Linkages

Booting Up: Time to Beam the Racists Out of Reddit, Shatner Says

(Photo: Wikipedia)

There’s no room for bigotry on the bridge … or in online communities, new redditor William Shatner said in a series of comments in the “Star Trek” subreddit: “The fact that someone could come here, debase and degrade people based on race, religion, ethnicity or sexual preference because they ‘have a right’ to do so without worry of any kind of moderation is sending the wrong message, in my humble opinion.” [PandoDaily]

NASA’s rover Curiosity drilled into a rock bed on Mars in search of water-deposited minerals, and there are photos. [Discovery]

Automaker Lincoln spent lavishly to help Beck record an old David Bowie number: “If this is what you guys are talking about when you talk about ‘native ads,’ then okay.” [AllThingsD]

Several journalists who cover Myanmar, including a correspondent for the Associated Press, received warnings from Google that their Gmail accounts might have been hacked by “state-sponsored attackers.” [NYT]

Here is an infographic that wants to help you defuse Internet trolls. Good luck with that. [Mashable]

Are you underwhelmed by the traffic to your carefully manicured Wikipedia page? Two ideas that might help jump your bio to the most widely-read entries: Perform during the Super Bowl halftime show, or drop dead. [Gizmodo]

Stormy Weather

Vine, Seamless, and ‘Say Yes to the Dress’: An Internet Preparedness Kit for Snowstorm Nemo

Via Smile, It Looks Good on You

You’d think after Hurricane Sandy, nothing short of the actual apocalypse could rattle New Yorkers. And yet, if Twitter is any indication, it seems there’s a fair bit of panicky flailing happening around the city right now. Well, buck up, because we’ve assembled a complete Internet preparedness kit featuring everything you might possibly need.

Maybe also buy some batteries, though?  Read More

Linkages

Booting Up: That Pesky Business Model Edition

(Photo: Blogger)

Is Snapchat representative of a new wave of apps that tout privacy as the defining feature? Fred Wilson thinks so. [A VC]

Google’s obsessive drive to quickly index and display as much info as possible on search results pages could diminish Wikipedia’s traffic. [Optimize and Prophesize]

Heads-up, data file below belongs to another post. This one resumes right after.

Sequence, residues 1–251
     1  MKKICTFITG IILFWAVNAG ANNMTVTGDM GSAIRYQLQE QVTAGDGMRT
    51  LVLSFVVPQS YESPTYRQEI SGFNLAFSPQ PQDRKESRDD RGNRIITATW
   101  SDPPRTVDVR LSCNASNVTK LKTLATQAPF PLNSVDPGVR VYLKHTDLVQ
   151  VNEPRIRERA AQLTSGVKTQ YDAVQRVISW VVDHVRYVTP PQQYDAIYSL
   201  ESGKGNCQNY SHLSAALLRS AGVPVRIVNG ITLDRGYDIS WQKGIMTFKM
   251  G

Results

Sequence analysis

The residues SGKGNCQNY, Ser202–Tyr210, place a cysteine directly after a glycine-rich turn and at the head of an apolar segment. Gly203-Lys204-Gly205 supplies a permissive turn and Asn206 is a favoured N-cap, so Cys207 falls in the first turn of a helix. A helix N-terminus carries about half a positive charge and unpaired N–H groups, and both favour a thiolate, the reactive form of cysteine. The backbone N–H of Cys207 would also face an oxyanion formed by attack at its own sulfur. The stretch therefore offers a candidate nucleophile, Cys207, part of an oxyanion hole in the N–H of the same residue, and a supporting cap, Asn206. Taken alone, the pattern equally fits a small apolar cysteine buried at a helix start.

Coursera and other startups offering online classes could totally be the future of education…if only they figured out a stable business model. [New York Times]

Marissa Mayer made a Yahoo employee dance to “Gangnam Style” as cruel punishment for not participating in the employee feedback survey. [AllThingsD]

Is Reddit raising a new round at a $400 million valuation? [TechCrunch]

Linkages

Booting Up: More Snapchat Scandals Edition

Two tweens scoffing at your $3 billion offer. (Photo: Digital Trends)

Online privacy pundits might not want to venture over to China any time soon; the country just passed a law requiring citizens to identify themselves when signing up for internet and mobile access. [Bloomberg]

Another Snapchat scandal! Turns out both Snapchat and Facebook’s new Poke app store your videos sent over the services locally, meaning it’s possible to save videos sent to you without the sender ever knowing. [BuzzFeed]

It appears those ads at the top of Wikipedia are paying off: the Wikimedia Foundation has raised $25 million so far in its 2012 fundraiser. [The Next Web]

Someone wants to make a stage show in Las Vegas based on Portal. [The Daily Dot]

John McAfee is at it again. [Wired]

Wiki World

Wikipedia’s Big Data Can Be Used to Predict Summer Box-Office Hits

Robert Downey Jr. (Photo: Wikipedia.org)

If you turned to Wikipedia for a pre-Avengers deep dive into the Marvel canon or refresher on Harry Potter’s defenses against the dark arts, you are apparently not alone. What’s more, your digital breadcrumbs might be a preview of coming box-office receipts. A team of researchers has shown that Wikipedia data can predict how popular a film will be.

A team from the Budapest University of Technology and Economics looked at 312 movies that came out in 2010 (think Inception, Toy Story 3 and Twilight: Eclipse) and built a mathematical model that measured the number of readers and editors for the movie’s Wiki page. The model’s data was juxtaposed with box office earnings and showed almost a 77 percent correlation between popularity on Wikipedia and big opening weekends. Read More

Linkages

Booting Up: ‘Difficult’ Jack Dorsey Edition

Oh goodie, it's Monday. (Photo: Cat Food Breath)

Microsoft “accidentally” sent a DMCA takedown notice to Google, asking them to remove pages from TechCrunch, the BBC, Wikipedia and the U.S. Government. Psst… no one cares that much about Windows 8. [TorrentFreak]

Companies are using patents to stifle innovation and the Times is ON IT. [New York Times]

Is EBay staging a pivot? [TechCrunch]

Whoa, you can raise money for a company without Kickstarter? Mind blown. [TechCrunch]

Jack Dorsey apparently got pushed to a backseat role at Twitter because he’s “difficult” to work with. [SiliconBeat]

Speaking of Twitter, who knew CEO Dick Costolo used to be a standup comedian? [New York Times]

Wiki World

You Can Now Make Your Own Free eBook Out of Wikipedia Articles

(Photo: Wikimedia)

If you tend to spend a fair amount of your time online submerged in a Wikipedia K-hole, mindlessly clicking the “Random Article” link until you snap out of it two hours later deeply engrossed in the entry for Kanye West’s song “Power,” then we have some good news for you. Wikipedia has enabled a new feature that allows you to seamlessly curate your own eBook out of Wikipedia articles, all for free. Read More